I woke up old – how did that happen?

With age, apparently, comes wisdom.  I am a textbook case of the antithesis of this little pearl of knowledge.

I admit that despite passing the half-way mark to the century of life, I have done an admirable job at stubbornly hanging on to a younger me, at least in attitude and behaviour.

But I think I’m beginning to bore from the fight, or maybe I’m just getting too old to pretend that I’m too youthful to be 50.  There have been some signs lately that make me think that it’s time to embrace the inevitable.

For those who don’t know me personally, I ‘transitioned’ from strawberry blonde (ok, RED), to a bright white at an early age…way too early an age!  This is one of the hereditary traits my brothers and I got from our father, but we haven’t held much of a grudge about it, except for the occasional bad dye job.  There’s something about knowing you get to do the same to your offspring that takes the sting out of it.  Sorry kids!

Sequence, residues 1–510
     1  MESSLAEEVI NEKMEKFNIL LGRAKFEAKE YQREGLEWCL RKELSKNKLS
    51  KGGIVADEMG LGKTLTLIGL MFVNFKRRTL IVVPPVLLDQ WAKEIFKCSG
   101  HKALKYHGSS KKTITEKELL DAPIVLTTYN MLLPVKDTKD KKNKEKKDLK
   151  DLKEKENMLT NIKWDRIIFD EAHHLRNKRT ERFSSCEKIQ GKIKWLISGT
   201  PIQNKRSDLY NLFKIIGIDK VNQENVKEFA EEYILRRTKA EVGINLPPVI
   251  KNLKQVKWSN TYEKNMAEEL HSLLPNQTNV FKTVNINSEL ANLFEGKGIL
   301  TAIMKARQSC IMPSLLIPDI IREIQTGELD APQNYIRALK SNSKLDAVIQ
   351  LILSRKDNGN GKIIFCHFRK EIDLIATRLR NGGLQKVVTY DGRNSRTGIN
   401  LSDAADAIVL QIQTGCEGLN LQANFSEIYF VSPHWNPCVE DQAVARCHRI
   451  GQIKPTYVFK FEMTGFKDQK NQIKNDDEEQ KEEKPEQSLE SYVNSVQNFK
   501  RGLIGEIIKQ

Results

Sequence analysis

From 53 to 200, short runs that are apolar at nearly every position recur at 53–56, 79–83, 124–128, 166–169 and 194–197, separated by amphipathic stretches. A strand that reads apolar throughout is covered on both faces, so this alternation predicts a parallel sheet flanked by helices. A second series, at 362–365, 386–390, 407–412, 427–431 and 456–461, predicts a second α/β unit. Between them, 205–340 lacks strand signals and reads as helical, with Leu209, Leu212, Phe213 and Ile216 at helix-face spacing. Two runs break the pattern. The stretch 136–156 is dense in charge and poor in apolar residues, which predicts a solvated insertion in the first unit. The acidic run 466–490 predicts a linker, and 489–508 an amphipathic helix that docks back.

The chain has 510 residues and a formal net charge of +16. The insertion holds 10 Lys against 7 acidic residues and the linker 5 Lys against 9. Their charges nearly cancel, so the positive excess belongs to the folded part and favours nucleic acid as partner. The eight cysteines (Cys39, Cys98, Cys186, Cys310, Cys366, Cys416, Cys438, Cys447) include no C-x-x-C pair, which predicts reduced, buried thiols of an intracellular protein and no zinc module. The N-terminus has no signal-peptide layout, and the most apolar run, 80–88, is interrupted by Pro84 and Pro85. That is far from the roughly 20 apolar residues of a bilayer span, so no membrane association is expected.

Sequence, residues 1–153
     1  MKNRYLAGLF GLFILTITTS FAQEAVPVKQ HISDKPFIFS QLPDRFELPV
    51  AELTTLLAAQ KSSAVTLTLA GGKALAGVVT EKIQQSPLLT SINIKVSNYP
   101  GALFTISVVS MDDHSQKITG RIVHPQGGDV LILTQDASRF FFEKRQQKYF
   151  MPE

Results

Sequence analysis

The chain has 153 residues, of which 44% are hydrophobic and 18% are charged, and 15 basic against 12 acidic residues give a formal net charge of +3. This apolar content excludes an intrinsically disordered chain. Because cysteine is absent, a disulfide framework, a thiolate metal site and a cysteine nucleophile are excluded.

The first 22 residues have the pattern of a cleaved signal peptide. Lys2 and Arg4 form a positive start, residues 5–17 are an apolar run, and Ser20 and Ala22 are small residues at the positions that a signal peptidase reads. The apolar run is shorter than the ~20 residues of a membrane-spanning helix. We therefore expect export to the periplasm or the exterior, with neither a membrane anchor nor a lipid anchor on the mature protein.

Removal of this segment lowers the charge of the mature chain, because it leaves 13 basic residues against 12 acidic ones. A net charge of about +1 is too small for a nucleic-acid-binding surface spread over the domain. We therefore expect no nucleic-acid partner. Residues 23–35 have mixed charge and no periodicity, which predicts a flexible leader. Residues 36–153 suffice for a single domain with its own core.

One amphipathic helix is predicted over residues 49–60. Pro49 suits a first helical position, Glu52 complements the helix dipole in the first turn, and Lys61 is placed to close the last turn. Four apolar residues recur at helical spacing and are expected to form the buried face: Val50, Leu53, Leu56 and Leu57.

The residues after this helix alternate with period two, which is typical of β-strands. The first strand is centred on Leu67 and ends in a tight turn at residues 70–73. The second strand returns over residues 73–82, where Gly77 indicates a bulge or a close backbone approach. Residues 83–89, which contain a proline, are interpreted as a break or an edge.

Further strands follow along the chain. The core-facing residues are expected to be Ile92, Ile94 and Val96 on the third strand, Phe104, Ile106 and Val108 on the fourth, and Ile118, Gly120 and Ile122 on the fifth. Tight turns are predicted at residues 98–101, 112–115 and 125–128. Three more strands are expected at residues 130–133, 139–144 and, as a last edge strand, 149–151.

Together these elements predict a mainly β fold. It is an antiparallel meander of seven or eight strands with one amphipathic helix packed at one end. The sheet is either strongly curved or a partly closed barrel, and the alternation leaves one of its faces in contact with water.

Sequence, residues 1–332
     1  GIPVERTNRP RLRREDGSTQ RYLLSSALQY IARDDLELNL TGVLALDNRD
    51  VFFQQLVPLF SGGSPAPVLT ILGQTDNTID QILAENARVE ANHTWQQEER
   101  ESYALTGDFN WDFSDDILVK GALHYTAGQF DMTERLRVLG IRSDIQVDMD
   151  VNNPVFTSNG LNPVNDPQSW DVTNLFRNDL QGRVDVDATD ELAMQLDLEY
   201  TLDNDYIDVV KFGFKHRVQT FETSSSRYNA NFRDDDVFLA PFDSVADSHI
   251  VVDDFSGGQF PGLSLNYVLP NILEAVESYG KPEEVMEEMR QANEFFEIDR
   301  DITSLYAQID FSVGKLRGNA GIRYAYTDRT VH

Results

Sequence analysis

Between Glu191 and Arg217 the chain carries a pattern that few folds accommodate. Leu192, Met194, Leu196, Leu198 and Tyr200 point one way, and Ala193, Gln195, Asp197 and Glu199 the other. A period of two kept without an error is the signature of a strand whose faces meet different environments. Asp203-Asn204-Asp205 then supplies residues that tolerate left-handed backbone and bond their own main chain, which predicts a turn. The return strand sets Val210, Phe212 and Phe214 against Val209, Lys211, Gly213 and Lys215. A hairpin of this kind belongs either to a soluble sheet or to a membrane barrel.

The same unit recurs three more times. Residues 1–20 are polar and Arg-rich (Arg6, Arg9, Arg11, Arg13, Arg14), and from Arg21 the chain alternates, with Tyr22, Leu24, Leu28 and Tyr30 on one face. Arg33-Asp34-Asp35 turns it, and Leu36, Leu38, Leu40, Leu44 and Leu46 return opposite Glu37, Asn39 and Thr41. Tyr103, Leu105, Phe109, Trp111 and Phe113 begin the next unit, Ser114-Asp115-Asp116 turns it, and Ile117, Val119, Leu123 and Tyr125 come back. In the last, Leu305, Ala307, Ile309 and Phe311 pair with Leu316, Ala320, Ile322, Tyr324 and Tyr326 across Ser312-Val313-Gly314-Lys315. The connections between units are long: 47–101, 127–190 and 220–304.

I had a brief period when meeting new people, they thought I was naturally a blonde.  Lucky for me, there was always a good friend nearby to set them straight…”Blonde? Yeah, right!”.  Bummer.

Since then, I’ve had to deal with a barrage of ego-busting comments. The most painful are the ones offered up innocently.  Deliberate insults are expected – at least between guys.  Innocent comments really hurt.

Getting a hair cut, I was asked by a stylist much older than myself, if I was going to be getting the ‘seniors discount’.  WHAT???  Maybe she was hitting on me or something.  It didn’t work.  And she didn’t get a tip!

Several years ago, I was taking my daughter to swimming lessons at the local rec center.  While she swam, I would sit in the bleachers and watch or read a book, or do work.  At the end of the lessons, they had a ‘meet the instructor’ night.  My daughter was excited to have me come over, and told the instructor that her Dad was there to observe.

The instructor, about 17 at best, and clearly lacking any age judgement at all, responded to my daughter by saying, ‘Oh, that’s nice, since your grandfather has been bringing you all this time’.  OUCH!!